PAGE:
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Online accounts that are not even registered can also be taken over by hackers

According to a new study, it has been discovered that cyber attackers can even take over those accounts that have not yet been registered. The study highlighted the weak spots that were later resolved by famous platforms, including social media giant Instagram, as well as Zoom, LinkedIn, and Dropbox.

The research was based on the data collected by Andrew Paver, security analyst at Microsoft Security Response Center, and Avinash Sudhodanan, a self-reliant researcher. These two went through over seventy-five different applications and revealed that up to thirty-five of them were exposed to such misconduct.

Even though most of these sites are open for anyone to highlight bug issues, the fact that they are still getting exposed to such attacks is shocking.

The cyber hackers initiate their activities by getting their hands on the victim's email address. Later, the email is used to create a user profile on such threatened sites. The victims usually neglect such notifications, and the attackers can take advantage of this action. The third and final step is where the victim is lured into creating an account on one of these sites.

During this procedure, five different actions can hit the victim. The first kind of attack has been named Classic Federated Merge. In this scenario, an already existing email is used to create a profile, and the real email address owner is not aware of this. The victim is offered a single sign-in option and, once available, the user won’t have to change the pass code and the hacker can stay logged in.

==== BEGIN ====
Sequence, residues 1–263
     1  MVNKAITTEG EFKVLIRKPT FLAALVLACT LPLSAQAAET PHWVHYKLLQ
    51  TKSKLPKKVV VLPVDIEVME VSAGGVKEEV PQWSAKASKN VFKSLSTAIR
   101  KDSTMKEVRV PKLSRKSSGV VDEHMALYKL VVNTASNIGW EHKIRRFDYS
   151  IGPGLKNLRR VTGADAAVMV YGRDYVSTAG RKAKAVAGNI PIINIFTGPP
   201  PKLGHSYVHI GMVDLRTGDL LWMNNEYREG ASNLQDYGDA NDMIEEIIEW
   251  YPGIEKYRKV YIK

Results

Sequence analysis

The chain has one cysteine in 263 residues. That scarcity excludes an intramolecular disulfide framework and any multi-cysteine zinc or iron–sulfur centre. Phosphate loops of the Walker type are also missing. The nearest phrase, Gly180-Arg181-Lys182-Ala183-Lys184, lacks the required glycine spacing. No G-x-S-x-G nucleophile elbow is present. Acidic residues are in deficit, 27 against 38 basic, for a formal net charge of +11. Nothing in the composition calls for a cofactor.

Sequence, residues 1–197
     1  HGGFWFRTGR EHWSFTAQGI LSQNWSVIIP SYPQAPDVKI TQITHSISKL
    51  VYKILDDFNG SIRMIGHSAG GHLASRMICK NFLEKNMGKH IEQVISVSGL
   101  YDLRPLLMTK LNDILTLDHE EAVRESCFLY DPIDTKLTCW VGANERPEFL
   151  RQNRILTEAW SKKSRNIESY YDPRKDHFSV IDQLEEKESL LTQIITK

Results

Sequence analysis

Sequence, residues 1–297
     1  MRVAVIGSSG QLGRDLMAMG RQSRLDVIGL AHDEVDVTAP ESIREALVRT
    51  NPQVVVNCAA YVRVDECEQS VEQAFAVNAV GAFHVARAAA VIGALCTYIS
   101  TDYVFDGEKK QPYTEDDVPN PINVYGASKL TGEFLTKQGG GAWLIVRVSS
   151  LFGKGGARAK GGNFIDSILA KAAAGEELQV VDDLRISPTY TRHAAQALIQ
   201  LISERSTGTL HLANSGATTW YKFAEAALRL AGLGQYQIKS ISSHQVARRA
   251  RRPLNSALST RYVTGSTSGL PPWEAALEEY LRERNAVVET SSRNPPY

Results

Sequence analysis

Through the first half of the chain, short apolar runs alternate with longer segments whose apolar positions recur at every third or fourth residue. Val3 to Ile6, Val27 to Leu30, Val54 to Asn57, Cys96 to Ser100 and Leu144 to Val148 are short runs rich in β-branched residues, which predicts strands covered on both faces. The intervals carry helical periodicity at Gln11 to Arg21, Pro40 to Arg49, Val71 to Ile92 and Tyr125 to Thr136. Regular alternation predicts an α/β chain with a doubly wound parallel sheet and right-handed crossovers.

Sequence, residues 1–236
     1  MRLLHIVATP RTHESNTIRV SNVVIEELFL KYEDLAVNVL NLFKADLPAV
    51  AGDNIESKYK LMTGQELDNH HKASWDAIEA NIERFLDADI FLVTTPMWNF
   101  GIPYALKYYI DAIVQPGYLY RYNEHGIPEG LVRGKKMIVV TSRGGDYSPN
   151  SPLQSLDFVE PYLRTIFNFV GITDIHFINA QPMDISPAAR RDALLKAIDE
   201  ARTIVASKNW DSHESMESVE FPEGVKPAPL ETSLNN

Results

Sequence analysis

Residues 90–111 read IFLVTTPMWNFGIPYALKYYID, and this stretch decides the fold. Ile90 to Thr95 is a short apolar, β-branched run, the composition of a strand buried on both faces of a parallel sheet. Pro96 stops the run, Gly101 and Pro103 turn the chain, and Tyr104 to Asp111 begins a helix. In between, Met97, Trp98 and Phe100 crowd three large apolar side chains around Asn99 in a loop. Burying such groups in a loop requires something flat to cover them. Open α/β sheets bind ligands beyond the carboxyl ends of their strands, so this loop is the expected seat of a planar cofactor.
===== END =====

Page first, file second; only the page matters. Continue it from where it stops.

The second type is an unexpired login, in which the login session remains live with the help of a self-operating script. Later, if the real user goes on to change the login credentials, the already logged-in session of the hacker is not affected.

The third type is one in which both the first and second types are used simultaneously and has been named the Trojan identifier. This is done by linking the IdP address with the profile for verification, and later, if the credentials are changed, they will be accessible to the hijackers through the federated verification route.

The fourth one is where a request for updating an email address is displayed after creating a profile. This request is not processed. Later, when the login information is updated, the attackers are free to use it to take over.

The last type is where the victim is threatened with the holding of an IdP at the time of account creation, which gives an opportunity to misuse login services such as Okta.

Since most of the sites don’t ask for a two-step verification upon updating email, the verification can be ditched, whereas in some situations, an account is created with another email but is later replaced with the victim’s email.

Most of them repaired it. A number of the sites and applications want to make the signup process user-friendly. They don’t pay much attention to the security threats. However, setting up two-step verification can help users prevent themselves from such attacks.


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